Law Professor: "Shameful to support men and women who have gone overseas to kill other human beings."
Whenever people ask me why I initially quit law school to volunteer to go to Afghanistan as an Infantryman, I only half-jokingly tell them I preferred sleeping on the ground and looking for the Taliban to being around the pretentious jackasses one finds at law schools from time to time. When I got back, the first article I read in the Law School newsletter was about how the first year of law school is the hardest year anyone could ever have, Well sure, except almost every year that our men and women spend in the military. In law school you generally get fed fairly regularly, don't get shot at, and don't have to pull radio guard at 2 a,m, This isn't exactly a newsflash, but there is nothing inherently difficult about attending classes and reading books. I'm not saying that to degrade higher education, but comparing it to dodging 7.62 rounds is a bit....hyperbolic.
And then along comes someone who proves my point with far more alacrity than I could muster on my own. Everyone, meet Professor Michael Avery:
The email may have been brief, but with it Suffolk Law Professor Michael Avery seems to have poured salt into the wounds of quite a few Americans, including some students at his own school.
In the five-paragraph e-mail to colleagues in response to a school-wide appeal for care packages for deployed soldiers, Avery calls the notion of sending packages “shameful”.
"I think it is shameful that it is perceived as legitimate to solicit in an academic institution for support for men and women who have gone overseas to kill other human beings" wrote Avery.
Somewhat ironically, the very first person to wish me a Happy Veterans Day was a buddy of mine who just happens to be a Suffolk Law Graduate. The school is going with the old stand-by of "he has a right to say what he wants."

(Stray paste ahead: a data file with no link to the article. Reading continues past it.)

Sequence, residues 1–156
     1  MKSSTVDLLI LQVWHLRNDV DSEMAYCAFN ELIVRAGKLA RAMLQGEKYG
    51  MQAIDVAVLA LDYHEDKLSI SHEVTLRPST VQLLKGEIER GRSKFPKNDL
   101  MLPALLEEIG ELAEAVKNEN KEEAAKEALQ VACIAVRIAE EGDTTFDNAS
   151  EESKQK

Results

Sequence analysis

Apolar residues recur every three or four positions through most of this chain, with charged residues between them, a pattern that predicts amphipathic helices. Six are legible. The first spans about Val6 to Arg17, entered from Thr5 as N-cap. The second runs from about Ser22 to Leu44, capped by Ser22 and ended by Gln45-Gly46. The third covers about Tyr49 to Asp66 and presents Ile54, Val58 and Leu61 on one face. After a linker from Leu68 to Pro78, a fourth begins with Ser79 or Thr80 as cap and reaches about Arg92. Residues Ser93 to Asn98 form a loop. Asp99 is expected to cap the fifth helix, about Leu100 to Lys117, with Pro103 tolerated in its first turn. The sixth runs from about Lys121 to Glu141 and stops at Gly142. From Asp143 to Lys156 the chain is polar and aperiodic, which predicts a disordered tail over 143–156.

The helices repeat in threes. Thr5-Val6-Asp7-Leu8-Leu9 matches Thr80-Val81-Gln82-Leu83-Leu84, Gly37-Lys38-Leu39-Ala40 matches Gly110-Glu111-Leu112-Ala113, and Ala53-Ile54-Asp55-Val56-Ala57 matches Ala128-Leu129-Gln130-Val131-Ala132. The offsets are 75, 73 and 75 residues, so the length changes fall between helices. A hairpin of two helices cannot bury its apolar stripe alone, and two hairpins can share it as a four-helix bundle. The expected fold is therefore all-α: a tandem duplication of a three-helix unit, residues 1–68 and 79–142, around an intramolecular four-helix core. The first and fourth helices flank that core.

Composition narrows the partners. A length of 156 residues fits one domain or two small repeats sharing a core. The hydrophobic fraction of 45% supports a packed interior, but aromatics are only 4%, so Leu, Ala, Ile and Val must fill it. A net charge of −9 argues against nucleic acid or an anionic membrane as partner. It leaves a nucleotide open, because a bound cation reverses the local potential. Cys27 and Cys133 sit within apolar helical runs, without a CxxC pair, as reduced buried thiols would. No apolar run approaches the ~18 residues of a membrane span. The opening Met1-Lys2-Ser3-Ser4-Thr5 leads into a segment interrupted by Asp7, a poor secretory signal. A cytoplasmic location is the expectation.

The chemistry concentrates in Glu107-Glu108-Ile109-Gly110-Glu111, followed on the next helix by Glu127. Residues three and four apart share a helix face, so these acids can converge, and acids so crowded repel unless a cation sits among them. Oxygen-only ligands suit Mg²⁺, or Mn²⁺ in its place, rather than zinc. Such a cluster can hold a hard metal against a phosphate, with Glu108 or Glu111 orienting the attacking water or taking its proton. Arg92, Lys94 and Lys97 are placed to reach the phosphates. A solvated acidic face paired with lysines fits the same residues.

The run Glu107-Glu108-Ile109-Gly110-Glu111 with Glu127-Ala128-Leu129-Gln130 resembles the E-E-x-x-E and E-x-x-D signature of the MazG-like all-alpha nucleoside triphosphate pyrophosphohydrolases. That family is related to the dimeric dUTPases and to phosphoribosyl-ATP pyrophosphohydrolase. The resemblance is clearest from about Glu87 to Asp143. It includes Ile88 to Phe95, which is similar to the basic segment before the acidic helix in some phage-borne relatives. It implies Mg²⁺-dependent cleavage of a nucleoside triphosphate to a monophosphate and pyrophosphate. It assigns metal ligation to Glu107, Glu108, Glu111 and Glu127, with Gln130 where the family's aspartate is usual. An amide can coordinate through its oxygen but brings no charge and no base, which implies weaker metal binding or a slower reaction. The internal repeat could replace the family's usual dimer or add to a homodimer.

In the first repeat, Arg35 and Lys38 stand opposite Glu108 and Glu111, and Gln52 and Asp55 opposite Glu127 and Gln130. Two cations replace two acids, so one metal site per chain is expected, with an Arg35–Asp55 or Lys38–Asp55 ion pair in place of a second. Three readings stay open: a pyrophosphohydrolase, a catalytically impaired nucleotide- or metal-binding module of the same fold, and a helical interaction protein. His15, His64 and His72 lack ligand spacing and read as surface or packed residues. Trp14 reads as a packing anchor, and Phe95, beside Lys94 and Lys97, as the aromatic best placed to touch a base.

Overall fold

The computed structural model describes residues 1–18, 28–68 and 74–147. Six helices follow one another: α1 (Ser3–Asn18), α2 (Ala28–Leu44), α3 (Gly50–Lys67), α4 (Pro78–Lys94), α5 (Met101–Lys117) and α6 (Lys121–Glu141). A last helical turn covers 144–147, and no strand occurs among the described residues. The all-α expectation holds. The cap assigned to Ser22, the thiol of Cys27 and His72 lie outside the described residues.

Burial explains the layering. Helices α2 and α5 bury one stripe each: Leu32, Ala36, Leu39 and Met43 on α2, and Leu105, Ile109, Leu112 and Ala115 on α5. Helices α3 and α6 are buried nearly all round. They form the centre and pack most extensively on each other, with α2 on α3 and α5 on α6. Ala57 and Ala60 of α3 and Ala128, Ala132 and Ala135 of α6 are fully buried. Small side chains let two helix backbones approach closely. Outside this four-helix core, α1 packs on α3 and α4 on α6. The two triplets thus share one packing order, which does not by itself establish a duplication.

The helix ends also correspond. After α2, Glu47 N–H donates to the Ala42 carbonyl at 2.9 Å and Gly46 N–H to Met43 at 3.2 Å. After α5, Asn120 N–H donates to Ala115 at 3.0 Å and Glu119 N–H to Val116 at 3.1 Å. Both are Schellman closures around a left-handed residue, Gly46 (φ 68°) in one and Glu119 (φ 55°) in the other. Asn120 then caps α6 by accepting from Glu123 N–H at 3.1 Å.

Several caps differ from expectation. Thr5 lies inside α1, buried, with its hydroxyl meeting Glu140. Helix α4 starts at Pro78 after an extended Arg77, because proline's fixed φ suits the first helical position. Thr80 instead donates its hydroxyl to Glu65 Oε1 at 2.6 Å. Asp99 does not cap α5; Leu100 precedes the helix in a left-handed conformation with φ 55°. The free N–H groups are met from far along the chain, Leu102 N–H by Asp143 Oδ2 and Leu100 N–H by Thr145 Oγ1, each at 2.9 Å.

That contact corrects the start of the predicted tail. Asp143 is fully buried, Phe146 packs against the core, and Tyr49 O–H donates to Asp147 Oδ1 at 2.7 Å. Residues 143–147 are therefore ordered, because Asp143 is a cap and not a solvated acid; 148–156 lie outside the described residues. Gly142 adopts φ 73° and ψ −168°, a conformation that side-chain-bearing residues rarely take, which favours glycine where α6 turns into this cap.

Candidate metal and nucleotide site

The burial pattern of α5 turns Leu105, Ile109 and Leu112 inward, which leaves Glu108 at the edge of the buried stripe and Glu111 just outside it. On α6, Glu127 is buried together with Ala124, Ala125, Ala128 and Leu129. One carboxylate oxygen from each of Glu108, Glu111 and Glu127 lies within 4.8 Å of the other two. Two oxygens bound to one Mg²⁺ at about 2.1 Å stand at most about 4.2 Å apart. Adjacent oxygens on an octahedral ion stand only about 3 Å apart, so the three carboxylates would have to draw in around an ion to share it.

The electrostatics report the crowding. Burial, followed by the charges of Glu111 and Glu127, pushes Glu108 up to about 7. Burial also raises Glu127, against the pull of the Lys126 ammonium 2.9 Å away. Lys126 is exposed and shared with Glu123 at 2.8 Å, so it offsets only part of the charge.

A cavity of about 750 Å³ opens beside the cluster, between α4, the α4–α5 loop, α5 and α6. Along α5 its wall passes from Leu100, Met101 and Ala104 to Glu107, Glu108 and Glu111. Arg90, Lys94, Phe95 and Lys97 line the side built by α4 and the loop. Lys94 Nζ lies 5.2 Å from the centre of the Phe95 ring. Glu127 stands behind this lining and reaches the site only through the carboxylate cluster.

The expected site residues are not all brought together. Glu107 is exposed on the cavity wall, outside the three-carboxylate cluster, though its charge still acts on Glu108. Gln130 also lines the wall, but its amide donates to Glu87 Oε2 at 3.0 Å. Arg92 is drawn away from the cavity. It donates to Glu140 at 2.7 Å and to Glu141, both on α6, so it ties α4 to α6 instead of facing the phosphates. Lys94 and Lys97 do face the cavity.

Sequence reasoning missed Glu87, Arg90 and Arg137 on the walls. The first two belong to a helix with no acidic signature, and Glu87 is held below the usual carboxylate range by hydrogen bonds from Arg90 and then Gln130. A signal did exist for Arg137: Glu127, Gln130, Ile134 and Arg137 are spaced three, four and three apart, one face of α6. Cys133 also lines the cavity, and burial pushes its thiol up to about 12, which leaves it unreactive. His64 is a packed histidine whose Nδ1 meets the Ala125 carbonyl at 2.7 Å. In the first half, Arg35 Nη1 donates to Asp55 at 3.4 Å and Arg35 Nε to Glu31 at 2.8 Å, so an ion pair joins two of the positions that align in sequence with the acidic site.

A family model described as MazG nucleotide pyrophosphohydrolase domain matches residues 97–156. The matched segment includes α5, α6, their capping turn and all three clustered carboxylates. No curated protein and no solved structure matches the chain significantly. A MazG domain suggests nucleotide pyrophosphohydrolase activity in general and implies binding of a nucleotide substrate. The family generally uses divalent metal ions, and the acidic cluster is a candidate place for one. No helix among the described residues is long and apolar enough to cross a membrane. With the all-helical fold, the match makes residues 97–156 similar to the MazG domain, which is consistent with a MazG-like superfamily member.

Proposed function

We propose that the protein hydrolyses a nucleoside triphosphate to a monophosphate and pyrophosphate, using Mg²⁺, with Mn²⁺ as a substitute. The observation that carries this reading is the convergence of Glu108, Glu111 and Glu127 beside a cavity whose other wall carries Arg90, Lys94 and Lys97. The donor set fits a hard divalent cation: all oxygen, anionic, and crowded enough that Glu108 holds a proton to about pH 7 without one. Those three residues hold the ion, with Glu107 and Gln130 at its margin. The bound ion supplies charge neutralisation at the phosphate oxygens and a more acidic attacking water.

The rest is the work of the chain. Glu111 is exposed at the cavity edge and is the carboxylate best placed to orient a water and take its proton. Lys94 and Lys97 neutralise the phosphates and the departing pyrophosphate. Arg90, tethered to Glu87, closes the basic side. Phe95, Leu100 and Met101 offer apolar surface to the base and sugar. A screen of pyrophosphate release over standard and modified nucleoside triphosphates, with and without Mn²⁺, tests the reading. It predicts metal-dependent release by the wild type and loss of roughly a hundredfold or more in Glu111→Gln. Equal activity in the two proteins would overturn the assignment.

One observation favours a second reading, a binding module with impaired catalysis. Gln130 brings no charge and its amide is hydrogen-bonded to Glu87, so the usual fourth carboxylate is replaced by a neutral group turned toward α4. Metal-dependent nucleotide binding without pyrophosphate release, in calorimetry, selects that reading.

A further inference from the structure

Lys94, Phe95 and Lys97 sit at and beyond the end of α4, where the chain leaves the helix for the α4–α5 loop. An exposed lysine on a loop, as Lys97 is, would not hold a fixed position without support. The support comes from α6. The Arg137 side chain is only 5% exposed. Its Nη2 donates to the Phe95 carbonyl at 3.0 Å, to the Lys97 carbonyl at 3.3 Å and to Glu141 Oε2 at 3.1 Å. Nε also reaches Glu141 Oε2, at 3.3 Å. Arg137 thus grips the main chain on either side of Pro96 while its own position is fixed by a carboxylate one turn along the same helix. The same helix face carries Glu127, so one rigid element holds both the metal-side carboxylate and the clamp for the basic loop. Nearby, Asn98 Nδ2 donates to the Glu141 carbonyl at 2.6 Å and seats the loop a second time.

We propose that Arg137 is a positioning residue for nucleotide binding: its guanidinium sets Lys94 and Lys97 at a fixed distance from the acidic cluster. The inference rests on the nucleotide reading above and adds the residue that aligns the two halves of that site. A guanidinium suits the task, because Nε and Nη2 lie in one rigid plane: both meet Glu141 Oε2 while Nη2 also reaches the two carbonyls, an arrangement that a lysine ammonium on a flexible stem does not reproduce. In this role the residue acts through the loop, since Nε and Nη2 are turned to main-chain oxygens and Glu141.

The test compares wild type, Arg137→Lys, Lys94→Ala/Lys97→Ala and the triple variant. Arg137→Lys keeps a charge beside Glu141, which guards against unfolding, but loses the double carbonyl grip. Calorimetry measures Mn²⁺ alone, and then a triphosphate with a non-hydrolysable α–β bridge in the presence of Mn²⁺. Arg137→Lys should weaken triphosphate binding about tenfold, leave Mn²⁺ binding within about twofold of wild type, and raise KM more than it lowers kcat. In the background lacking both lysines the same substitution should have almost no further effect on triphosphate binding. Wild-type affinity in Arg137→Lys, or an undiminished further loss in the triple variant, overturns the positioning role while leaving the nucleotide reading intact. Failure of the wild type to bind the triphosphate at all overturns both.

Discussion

In the long history of Suffolk University, we have embraced discourse within the framework of the Constitution and Bill of Rights. We encourage free discussion; yet remain uncompromising in confronting acts of discrimination. As Suffolk's history shows, all of this can be done while supporting our mission to provide access to excellence in education to those who deserve it, not the least of whom are active duty military personnel and returning veterans, who by their brave acts have honored each of us and our nation.
Indubitably true. He also has the right to pee on an electric fence or inhale Clorox, but it doesn't make it either sensible or reflect well on the schook.
The whole thing did segue nicely with an article in the Washington Post this morning though:
The troops are lavished with praise for their sacrifices. But the praise comes with a price, service members say. The public increasingly acts as if it feels sorry for those in uniform.
“We aren’t victims at all,” said Brig. Gen. Sean B. MacFarland, who commanded troops in Iraq and will soon leave for Afghanistan. “But it seems that the only way that some can be supportive is to cast us in the role of hapless souls.”
The topic is a sensitive one for military leaders, who do not want to appear ungrateful or at odds with the public they serve. They also realize that the anger that returning troops faced in the latter years of the Vietnam War was far worse.
As a result, most of the conversations about pity take place quietly and privately among combat veterans. After his two sons returned from combat tours with the Marines, retired Col. Mark Cancian warned them that people outside the military would view their service from two perspectives.
All things being equal, if I had to chose between being back in law school, being pitied for my service in the military, or serving as an infantryman again, the choice would be easy, and I would be singing this diddy tomorrow as the sun set:
Up in the morning out of the rack
Greeted at dawn with an early attack
First Sergeant Rushes me off to chow
But I don’t eat it any how
Oh hail Oh Hail oh Infantry
Queen of Battle follow me
An airborne ranger’s life for me
Cause nothing in this world is free
Pick up your rifle and follow me.
In a big bird up in the sky,
all will jump and some will die
Off to battle we will go,
to live or die, hell I don’t know
Oh hail oh hail oh infantry
Queen of battle follow me
I look to the sky I have no fear,
My Ranger God is always near.
Oh hail Oh hail oh infantry
Queen of battle follow me